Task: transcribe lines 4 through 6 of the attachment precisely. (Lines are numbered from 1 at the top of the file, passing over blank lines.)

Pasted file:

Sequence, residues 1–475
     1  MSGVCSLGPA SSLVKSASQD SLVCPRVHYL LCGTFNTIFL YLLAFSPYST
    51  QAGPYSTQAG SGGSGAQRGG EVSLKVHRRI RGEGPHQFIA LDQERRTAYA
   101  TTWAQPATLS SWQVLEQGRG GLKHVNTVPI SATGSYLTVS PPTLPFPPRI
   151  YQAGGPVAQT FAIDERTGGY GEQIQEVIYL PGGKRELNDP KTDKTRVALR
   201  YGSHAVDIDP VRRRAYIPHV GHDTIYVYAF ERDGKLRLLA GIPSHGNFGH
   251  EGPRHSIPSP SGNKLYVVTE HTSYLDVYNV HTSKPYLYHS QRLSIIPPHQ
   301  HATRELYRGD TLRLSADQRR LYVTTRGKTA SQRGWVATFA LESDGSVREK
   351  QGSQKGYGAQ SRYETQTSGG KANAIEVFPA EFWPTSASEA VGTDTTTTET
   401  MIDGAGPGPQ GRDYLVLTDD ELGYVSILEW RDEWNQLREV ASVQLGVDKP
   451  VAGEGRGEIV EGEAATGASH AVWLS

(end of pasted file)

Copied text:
   101  TTWAQPATLS SWQVLEQGRG GLKHVNTVPI SATGSYLTVS PPTLPFPPRI
   151  YQAGGPVAQT FAIDERTGGY GEQIQEVIYL PGGKRELNDP KTDKTRVALR
   201  YGSHAVDIDP VRRRAYIPHV GHDTIYVYAF ERDGKLRLLA GIPSHGNFGH